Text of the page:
While generating a document, e.g., .doc(x), .xls(x), .ppt(x), or .pdf, allows for flexibility, this can come at the cost of accessibility. These type of documents are often not properly formatted for technologies such as screen readers, resulting in content difficult to navigate, out of order, or even completely inaccessible. In order to meet with the Accessibility Guidelines of the school, only documents that have passed the Accessibility Check will be hosted in Drupal.


TABLE OF CONTENTS


Before uploading a document consider:

Can the content be copied to a web page instead?

  • Use documents sparingly.
  • Content creators are responsible for ensuring the accessibility of the document.
  • Documents are not responsive and can be difficult to use on mobile devices.
  • Documents can be costly and time-consuming to make accessible.
  • If you must use a document, make it accessible and clearly label it as a PDF, PPT, etc.


Making Documents Accessible

If you're working or planning to work with one of the following platforms, please refer to their respective guidelines to review how you can ensure your content is accessible from the beginning. This will make the process much easier specially when working with long format documents.


Run the Accessibility Check

Microsoft applications allow you to run an accessibility check while creating the document. For everything else you will want to run the check after the file has been exported to a PDF from Adobe Acrobat Pro.


Screencap indicating how to run accessibility check.

How to run accessibility check in Adobe Acrobat Pro.



Can't Find the Accessibility Tool?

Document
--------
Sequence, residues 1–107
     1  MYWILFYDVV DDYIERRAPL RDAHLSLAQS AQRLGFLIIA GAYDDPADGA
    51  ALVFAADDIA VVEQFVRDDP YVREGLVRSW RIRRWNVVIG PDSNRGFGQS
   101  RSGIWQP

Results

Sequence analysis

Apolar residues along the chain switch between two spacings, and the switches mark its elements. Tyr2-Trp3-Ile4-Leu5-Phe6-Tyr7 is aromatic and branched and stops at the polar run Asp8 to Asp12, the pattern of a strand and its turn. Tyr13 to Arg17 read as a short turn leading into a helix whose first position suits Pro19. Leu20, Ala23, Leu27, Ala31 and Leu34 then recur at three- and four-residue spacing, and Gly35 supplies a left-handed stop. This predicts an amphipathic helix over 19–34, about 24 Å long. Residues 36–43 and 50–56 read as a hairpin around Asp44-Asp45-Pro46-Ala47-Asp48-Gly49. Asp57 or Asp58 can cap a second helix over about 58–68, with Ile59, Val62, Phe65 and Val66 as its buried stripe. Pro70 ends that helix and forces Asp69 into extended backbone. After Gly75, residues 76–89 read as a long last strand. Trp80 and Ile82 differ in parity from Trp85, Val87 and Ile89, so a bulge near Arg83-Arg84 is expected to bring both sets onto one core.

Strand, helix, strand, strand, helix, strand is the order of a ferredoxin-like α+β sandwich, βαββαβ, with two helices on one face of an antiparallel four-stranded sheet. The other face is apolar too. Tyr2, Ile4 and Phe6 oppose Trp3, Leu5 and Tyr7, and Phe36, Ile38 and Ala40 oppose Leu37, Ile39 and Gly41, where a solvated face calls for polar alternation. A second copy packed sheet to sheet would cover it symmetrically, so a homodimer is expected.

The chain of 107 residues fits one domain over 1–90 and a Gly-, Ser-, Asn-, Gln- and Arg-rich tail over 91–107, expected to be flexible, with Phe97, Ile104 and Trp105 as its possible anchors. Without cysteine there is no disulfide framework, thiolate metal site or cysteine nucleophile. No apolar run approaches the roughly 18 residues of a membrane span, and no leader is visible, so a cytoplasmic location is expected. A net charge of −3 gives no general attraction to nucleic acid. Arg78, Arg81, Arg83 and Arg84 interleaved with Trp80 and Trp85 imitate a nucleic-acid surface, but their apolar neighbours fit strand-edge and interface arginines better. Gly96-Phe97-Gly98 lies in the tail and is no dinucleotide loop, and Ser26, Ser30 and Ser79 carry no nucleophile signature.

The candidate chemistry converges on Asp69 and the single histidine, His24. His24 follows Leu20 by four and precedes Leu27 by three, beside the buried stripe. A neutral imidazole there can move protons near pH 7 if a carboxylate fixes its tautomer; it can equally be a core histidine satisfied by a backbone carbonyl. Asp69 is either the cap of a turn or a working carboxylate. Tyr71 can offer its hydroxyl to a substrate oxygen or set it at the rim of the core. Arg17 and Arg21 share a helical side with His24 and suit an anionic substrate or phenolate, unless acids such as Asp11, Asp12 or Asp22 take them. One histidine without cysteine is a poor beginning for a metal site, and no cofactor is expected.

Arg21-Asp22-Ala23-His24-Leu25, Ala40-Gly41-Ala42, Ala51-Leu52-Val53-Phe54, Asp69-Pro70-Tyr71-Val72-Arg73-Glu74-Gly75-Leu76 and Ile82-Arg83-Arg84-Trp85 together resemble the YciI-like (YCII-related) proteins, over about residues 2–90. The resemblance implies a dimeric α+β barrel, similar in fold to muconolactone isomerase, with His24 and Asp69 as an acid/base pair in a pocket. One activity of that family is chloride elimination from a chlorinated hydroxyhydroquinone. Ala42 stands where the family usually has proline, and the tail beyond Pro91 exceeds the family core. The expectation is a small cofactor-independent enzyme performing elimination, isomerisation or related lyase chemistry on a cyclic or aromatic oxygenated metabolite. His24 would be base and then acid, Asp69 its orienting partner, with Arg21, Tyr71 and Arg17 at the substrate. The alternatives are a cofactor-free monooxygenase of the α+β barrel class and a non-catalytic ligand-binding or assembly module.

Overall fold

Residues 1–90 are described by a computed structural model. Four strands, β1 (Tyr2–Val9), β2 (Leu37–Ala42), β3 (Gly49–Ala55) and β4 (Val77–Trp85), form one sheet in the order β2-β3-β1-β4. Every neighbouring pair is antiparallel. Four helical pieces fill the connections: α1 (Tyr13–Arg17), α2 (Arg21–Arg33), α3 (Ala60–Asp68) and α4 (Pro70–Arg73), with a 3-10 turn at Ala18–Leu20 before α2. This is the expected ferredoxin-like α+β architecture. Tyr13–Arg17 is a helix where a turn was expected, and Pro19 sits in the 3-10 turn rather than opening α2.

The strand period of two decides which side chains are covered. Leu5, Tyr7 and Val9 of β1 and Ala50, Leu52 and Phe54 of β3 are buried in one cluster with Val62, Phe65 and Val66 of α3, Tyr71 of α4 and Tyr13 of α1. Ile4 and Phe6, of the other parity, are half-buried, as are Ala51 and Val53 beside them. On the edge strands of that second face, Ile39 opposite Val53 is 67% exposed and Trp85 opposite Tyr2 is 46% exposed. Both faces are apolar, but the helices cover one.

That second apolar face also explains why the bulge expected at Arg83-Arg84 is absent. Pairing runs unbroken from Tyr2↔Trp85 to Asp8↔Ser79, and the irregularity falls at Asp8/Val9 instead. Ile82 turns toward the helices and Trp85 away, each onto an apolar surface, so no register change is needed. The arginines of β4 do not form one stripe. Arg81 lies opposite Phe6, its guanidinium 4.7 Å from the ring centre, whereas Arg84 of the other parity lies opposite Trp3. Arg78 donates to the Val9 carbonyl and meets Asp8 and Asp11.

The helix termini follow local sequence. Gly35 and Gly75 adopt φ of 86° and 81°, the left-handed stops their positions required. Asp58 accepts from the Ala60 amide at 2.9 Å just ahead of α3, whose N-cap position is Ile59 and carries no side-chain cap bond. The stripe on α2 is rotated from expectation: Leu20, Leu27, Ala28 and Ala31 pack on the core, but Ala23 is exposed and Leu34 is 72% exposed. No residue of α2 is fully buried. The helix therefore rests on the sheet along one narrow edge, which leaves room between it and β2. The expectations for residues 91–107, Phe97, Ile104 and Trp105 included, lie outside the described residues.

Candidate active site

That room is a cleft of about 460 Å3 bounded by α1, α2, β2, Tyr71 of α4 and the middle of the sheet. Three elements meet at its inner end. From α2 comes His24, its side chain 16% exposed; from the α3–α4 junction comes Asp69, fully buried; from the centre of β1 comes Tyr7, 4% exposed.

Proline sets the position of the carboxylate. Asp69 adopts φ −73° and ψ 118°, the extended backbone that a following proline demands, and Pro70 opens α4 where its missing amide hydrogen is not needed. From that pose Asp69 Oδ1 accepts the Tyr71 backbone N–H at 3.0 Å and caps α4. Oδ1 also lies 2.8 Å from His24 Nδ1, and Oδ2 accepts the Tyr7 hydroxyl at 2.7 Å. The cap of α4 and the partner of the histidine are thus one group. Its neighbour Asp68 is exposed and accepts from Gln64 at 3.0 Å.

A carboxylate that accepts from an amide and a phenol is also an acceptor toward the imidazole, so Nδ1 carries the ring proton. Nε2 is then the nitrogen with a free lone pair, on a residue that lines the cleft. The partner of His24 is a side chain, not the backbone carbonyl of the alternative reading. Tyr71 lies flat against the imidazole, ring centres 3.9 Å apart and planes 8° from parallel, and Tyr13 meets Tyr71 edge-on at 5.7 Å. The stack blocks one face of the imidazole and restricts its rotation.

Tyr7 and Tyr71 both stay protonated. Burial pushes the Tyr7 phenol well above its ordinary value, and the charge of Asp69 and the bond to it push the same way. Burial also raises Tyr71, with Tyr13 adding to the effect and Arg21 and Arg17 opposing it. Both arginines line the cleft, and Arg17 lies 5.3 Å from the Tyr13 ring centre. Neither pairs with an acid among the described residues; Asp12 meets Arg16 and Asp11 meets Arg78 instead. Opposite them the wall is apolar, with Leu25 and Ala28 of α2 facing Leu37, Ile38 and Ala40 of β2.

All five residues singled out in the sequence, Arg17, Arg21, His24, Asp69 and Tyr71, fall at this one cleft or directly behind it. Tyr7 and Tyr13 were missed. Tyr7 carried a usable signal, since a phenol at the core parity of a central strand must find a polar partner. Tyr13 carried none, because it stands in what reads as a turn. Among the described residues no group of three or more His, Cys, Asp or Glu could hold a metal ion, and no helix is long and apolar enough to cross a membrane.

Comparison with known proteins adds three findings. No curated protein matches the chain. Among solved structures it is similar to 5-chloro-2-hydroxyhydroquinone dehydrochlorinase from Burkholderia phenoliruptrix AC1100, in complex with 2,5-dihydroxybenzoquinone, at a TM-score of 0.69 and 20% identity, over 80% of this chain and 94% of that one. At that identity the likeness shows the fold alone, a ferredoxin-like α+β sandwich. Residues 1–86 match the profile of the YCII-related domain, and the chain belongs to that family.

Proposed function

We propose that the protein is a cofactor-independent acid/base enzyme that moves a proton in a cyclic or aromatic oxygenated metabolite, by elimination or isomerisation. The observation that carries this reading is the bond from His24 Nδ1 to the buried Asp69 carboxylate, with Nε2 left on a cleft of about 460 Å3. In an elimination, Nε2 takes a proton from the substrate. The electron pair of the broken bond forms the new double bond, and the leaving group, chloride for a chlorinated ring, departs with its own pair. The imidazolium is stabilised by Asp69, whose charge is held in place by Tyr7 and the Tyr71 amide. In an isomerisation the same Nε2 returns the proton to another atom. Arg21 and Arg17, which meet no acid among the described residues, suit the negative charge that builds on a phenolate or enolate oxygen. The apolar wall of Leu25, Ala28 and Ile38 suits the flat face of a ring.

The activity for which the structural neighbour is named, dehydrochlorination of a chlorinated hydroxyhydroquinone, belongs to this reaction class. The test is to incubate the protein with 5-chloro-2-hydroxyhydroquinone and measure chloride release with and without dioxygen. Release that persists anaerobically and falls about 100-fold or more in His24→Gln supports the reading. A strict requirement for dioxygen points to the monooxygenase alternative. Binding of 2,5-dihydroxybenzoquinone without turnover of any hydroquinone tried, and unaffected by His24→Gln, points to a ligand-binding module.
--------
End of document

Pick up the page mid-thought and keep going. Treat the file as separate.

1. Go to Tools
2. Find Accessibility
3. Click Add
You will then be able to find it on the Right Hand corner like in the screencap above.



Dealing with Manual Checks

Although Adobe Acrobat is able to identify most Accessibility issues, there are certain cases that can only be determined by a person, these include: These recommendations assume you have ran the Adobe Acrobat Accessibility Check and have the accessibility panel open:


A. Color Contrast

 If you've followed our guidelines on Color, you should be good.

  1. Make sure that the document's content adheres to the guidelines outlined by WCAG in section 1.4.3.
  2. Right Click
  3. Select Pass
  4. The error should now say "Passed".


B. Logical Reading Order

Accessing a document through a screen reader, requires the computer to read through all elements on a page. Depending on how this was built, the order of the elements could be completely different from how it looks. To confirm if the order is correct:

  1. Go to the Tags navigation pane.
  2. Select the first element on the list, and navigate the list of tags (use the arrows in your keyboard to do so).
    • This may require you to open sub elements to see what's inside.
    • This will simulate how a person using a screen reader will access your content
    • As you navigate through the tags, you will see the content highlighted in the screen
  3. Ideally you should see the highlighted elements in the order in which you expect to read them
    • Correct OrderIf the page has a heading followed by a paragraph, then the heading should be highlighted first and then should be followed by a paragraph.

      If the tags are in order, then you can: Right Click and select Pass.

    • Incorrect Order: If the page has multiple paragraphs followed by a table, then it's incorrect for the table to be listed before the paragraphs or for the paragraphs to not be in the correct order.

      If this is the case, then you will have to go back to the source document to make sure it is correctly exported to PDF for Accessibility. If you're working with applications such as InDesign, you may have to reshuffle the order of your layers to match the content.

      If you do NOT have access to the source document, you can change the order of the tags by clicking and dragging each tag until the text is correctly readable. You can then Right Click and select Pass.


Screencap indicating how to manually pass valid cases.